16 Red Flag Hearings: 14 Affirmed, 0 Reversed, 2 Remanded

Looking for Justice by holding a Red-Flag Hearing?  Don't Count On It

The Department of Safety, Bureau of Hearings, has posted a Compendium of Superior Court Cases.  Under "I. Substance Abuse Completion Requirements" there are listed sixteen red-flag hearings, or appeals of decisions made by Amethyst Foundation, REAP, or other administrators of IDIP programs.  Of those sixteen hearings, none were reversed.

"90 meetings in 90 days"
Keskula v. Beecher, 04-E-142, (Merrimack, Lewis, 07/19/04) AFFIRMED
Referred to further counseling by LADAC; Petitioned for, and after a hearing, Hearings Examiner entered as his disposition the indefinite suspension of Petitioner's driving privileges and further directed that he attend 90 self-held group meetings in 90 days, and securing a low-risk alcohol evaluation from a LADAC …; Petitioner disagreed; appeal filed; HELD: "The Hearings Examiner acted within his discretion in making the rulings and determinations … There is ample support for the conclusion that the required aftercare was warranted in this case."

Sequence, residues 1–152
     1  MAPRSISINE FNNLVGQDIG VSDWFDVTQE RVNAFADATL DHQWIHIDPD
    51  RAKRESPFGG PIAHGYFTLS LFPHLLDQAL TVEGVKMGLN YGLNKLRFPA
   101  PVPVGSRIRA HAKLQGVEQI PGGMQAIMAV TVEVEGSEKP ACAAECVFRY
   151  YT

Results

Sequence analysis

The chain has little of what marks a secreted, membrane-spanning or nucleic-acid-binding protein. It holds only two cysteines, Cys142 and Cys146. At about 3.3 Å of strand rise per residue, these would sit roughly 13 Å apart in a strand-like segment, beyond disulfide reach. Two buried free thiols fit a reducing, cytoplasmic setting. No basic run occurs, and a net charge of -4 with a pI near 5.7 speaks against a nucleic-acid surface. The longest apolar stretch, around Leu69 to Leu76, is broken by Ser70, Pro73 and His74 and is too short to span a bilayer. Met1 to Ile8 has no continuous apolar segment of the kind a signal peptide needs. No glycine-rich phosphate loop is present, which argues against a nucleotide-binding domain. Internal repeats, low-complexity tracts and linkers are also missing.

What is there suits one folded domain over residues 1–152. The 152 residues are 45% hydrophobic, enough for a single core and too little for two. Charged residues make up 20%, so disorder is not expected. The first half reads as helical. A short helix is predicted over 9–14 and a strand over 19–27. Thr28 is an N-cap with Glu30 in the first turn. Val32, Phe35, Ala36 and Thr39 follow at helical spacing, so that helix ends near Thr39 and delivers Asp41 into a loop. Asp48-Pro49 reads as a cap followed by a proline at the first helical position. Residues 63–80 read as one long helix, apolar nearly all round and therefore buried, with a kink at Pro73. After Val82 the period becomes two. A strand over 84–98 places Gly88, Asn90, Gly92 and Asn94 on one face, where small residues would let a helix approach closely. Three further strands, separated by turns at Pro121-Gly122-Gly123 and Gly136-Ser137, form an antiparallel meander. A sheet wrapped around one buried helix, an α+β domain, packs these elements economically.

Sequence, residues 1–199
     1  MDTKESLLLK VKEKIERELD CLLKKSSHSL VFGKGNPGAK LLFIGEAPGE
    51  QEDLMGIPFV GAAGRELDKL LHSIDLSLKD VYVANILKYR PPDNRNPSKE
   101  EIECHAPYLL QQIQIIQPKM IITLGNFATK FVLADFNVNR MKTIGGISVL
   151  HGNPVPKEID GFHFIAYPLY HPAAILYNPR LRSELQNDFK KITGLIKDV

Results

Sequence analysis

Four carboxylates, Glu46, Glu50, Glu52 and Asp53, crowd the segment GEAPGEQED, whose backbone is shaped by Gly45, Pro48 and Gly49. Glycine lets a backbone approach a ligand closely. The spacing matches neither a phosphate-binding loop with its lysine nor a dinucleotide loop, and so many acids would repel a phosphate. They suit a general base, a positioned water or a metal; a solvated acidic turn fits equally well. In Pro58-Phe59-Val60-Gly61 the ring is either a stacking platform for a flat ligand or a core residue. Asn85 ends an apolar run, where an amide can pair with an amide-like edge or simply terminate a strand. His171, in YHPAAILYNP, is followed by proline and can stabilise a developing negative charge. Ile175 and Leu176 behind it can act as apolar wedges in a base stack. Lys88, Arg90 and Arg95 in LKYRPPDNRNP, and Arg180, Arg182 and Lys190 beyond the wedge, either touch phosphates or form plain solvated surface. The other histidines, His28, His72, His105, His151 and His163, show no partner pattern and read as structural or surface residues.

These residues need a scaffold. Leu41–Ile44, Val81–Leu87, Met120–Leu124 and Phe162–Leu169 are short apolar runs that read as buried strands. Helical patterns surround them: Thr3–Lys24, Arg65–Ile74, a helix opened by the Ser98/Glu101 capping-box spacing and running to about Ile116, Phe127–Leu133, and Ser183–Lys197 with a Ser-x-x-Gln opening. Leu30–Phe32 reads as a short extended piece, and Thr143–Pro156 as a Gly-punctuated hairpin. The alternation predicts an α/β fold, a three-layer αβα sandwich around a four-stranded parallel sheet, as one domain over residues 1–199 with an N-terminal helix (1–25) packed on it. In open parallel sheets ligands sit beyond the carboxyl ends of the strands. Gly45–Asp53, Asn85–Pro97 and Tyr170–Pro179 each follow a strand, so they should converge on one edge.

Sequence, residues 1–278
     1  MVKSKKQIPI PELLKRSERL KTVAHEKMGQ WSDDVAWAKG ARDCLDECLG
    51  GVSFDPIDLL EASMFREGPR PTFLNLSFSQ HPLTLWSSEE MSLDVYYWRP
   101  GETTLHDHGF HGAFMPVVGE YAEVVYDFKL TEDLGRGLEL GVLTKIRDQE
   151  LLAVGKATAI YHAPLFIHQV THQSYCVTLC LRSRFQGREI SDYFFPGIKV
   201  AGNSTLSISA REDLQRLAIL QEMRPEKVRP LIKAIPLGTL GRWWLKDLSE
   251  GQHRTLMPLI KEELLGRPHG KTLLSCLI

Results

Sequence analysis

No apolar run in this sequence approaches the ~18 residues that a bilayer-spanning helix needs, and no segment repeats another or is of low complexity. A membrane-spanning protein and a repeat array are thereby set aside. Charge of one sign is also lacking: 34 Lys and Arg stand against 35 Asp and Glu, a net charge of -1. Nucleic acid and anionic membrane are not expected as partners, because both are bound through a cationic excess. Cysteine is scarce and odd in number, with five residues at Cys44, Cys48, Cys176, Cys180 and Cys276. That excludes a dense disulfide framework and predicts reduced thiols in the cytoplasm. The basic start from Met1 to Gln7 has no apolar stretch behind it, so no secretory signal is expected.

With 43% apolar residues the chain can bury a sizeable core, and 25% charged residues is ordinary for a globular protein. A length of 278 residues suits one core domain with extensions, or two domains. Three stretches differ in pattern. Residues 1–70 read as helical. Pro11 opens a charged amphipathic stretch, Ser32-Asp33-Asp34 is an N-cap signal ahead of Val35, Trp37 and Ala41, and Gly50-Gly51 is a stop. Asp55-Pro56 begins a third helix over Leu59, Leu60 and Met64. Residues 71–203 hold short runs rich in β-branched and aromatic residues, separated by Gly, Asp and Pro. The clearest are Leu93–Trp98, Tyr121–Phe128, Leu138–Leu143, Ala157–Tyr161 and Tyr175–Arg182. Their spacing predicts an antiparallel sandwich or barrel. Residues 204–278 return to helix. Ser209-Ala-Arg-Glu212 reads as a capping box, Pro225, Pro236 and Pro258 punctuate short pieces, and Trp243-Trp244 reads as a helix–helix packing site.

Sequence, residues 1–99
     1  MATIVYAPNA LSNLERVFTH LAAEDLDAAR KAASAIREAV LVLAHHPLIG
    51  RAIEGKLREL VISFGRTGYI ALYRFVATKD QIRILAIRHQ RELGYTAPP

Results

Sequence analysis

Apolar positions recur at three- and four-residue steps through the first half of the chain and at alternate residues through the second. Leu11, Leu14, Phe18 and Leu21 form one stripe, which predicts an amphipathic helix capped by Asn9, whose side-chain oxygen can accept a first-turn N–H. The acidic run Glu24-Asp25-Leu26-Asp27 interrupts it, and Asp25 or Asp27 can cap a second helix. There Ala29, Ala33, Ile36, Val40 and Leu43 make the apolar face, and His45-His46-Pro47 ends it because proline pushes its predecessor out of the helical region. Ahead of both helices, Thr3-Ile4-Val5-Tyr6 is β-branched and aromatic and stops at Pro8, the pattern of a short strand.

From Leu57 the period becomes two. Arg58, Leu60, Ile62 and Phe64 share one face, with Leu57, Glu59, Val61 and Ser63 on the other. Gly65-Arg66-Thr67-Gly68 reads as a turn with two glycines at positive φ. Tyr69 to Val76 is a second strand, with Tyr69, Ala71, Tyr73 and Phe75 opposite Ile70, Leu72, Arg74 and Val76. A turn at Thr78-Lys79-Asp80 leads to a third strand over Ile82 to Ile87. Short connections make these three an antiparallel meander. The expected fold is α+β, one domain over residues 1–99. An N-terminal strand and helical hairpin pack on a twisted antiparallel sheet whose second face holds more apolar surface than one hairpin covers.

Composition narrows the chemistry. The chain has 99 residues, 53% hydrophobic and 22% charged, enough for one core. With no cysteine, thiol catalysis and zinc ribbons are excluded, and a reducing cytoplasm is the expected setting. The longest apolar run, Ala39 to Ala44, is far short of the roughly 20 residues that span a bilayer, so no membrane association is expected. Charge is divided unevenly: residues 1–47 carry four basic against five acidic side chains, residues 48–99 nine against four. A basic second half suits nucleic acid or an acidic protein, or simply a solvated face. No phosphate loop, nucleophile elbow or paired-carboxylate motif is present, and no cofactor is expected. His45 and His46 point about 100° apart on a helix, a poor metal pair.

Charming.   Ninety meetings in ninety days is an old AA slogan.  It is how new people ("pigeons" in AA slang) are recruited.  Like other cults, AA tries to insulate new member from the outside world during the period of indoctrination.  There's no evidence that this helps in maintaining sobriety at all.

Issues of effectiveness aside, ordering AA attendance, which this clearly is doing, is unconstitutional.

All of these courts have ruled that Alcoholics Anonymous is a religion or engages in religious activities:
  • the Federal 7th Circuit Court in Wisconsin, 1984.
  • the Federal District Court for Southern New York, 1994.
  • the New York Court of Appeals, 1996.
  • the New York State Supreme Court, 1996.